Biology, history and sociology....cartography and epidemiology, too.
The Hot Zone, a real mystery that involved you like a mystery novel.
No, yoko much factual information to grasp without pondering.
Don't listen to this in a public place, like the train station, or people will think you crazy -- since this narrative will drive you to shout "Holy COW!" and "Oh my GOD, are you KIDDING me?!" repeatedly. Don't listen to it during lunch, unless you have a seriously strong stomach.
If you enjoyed the likes of Guns, Germs, and Steel, you will probably love The Ghost Map. It's shorter, quite a bit lighter, but is absolutely packed with jaw dropping details about Victorian London. If you enjoy Arthur Conan Doyle, you will likely love The Ghost Map, which reads like a Sherlock Holmes mystery in which Dr. Watson does the sleuthing while Holmes is on holiday.
Johnson does a fantastic job of weaving a trainload of London history, sociology, and medical history into a narrative that feels more like a novel.
The only criticism I have is that the last section feels a little soap-boxy, but it's a minor fault -- the sociological issues are sufficiently intriguing.
as an engineer i like data. i thoroughly enjoyed the transition from anecdotal story into the presentation of data to prove the root cause of Cholera and how to prevent further transmission.
As usual, Alan Sklar is up to the task of reading a scientifically intriguing text. His tone keeps you engaged as he seems to be on the edge of his seat as you are.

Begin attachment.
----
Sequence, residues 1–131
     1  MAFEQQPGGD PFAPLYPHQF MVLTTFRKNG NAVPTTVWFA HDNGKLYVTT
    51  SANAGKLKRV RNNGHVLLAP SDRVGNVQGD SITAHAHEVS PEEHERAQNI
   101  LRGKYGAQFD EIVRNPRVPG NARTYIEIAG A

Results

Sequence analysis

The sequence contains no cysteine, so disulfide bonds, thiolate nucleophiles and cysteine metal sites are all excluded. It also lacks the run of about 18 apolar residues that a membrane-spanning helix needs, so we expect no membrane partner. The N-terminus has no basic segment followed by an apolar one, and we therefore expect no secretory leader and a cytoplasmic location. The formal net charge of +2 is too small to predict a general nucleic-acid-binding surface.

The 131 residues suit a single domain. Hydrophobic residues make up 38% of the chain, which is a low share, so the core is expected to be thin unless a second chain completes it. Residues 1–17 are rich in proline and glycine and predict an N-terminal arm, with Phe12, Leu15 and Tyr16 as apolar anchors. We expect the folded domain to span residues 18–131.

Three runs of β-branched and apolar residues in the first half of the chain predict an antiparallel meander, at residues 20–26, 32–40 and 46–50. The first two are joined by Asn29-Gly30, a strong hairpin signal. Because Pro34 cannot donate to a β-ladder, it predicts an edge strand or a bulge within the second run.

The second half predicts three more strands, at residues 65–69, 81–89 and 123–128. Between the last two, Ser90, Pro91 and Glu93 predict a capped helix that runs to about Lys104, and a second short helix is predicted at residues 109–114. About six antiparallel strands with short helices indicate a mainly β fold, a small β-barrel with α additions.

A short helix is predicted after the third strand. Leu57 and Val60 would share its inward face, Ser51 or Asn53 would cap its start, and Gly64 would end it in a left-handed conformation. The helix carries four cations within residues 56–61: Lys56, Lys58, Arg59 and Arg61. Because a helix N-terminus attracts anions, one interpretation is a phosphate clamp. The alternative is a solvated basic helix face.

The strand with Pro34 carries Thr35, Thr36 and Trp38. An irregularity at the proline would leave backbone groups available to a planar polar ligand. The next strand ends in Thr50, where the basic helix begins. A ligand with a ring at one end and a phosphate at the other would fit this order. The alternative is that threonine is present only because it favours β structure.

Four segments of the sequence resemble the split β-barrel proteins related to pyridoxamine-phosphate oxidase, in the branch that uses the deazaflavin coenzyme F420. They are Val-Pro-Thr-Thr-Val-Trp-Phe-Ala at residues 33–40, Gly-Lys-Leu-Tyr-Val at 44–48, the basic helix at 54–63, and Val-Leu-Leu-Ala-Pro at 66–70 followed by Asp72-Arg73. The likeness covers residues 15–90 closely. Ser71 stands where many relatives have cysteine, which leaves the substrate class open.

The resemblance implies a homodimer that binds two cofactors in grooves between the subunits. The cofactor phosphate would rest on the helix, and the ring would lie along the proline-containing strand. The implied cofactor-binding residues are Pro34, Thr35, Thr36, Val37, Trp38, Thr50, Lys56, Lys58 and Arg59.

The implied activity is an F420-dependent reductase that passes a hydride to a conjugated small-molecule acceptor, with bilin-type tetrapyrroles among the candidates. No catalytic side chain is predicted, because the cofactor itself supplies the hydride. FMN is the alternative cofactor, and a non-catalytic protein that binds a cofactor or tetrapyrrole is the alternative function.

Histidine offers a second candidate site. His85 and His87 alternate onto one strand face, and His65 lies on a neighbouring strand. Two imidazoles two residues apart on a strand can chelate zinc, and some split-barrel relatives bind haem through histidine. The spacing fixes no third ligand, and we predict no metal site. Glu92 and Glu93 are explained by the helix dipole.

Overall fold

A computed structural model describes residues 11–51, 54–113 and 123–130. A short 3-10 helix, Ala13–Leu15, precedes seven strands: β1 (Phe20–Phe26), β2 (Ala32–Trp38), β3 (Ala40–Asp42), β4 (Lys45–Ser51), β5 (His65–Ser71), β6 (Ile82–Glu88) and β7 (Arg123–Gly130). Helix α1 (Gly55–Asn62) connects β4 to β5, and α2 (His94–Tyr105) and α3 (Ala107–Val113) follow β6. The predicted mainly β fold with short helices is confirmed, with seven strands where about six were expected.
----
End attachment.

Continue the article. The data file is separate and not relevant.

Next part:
This was very interesting, although at time it did tend to drag a bit. Despite that, the narration was good, and the topic and story kept the book moving along. Perfect length, I wouldn't have lasted too many hours more.
Truly a fascinating look at one of the unsung heroes of city development and management - wastewater removal and treatment. One small slip and we're all at risk to water-borne diseases such as cholera. I also appreciated the solid look at overcoming scientific hysteria to find fact. I doubt that the author meant to be quite so ironic when he listed his support at the end of the text for several current issues that may themselves turn out to be just as hysterical as miasma was in the 19th century.
A solid story with excellent character development, a good mystery, and plenty of every day relevance. I just wish I had stopped before listening to the socialist screed in the appendix, but I suppose that was probably Johnson's motivation for writing the book.
At the end I felt like shouting, "I believe." like I was at a revival camp meeting. The story of Snow was interesting but just the platform for the author's preaching. I finished it but it was touch and go.
Poorly written, but well read. Parts of it were good, but the author opinions are unspported by facts. To claim this is event resulted in the first "real" map and the urban lifestyle is just BS. Reminds me of a college junior - has one idea and beats you to death with it.